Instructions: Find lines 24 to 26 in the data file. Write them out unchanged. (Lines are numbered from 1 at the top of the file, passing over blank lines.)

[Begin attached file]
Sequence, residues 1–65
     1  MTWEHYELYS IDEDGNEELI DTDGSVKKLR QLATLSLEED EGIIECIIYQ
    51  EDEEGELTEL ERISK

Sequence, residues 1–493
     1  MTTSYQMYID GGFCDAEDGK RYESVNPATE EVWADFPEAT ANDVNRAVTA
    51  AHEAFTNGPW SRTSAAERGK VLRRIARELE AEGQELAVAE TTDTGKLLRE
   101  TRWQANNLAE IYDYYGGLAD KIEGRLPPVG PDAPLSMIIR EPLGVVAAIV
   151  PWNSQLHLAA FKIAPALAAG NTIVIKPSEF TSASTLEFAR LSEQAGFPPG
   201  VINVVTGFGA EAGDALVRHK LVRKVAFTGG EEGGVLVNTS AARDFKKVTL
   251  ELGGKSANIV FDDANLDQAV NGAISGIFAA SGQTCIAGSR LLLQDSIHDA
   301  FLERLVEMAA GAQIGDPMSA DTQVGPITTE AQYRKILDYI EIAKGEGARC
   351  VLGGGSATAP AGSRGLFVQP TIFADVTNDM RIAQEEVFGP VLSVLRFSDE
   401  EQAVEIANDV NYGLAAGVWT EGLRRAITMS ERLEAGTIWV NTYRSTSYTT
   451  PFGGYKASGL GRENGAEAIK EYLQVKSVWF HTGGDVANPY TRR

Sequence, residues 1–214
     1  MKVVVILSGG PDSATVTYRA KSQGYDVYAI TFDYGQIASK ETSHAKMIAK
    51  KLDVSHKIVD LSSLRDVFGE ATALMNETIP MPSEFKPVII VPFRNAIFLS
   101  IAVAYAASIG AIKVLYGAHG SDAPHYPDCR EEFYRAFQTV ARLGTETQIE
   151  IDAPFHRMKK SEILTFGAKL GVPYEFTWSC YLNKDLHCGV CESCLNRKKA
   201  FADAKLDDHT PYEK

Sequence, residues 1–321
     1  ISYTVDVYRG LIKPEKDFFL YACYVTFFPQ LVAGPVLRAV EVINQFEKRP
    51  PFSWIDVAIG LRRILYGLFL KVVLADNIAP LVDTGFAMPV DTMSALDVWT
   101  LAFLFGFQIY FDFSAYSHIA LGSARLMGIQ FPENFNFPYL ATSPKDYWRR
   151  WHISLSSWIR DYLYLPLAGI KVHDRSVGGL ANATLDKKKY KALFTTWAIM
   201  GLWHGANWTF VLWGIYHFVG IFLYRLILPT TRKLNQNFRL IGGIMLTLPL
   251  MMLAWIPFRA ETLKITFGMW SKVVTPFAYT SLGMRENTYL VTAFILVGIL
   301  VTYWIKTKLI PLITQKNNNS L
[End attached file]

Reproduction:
   101  LAFLFGFQIY FDFSAYSHIA LGSARLMGIQ FPENFNFPYL ATSPKDYWRR
   151  WHISLSSWIR DYLYLPLAGI KVHDRSVGGL ANATLDKKKY KALFTTWAIM
   201  GLWHGANWTF VLWGIYHFVG IFLYRLILPT TRKLNQNFRL IGGIMLTLPL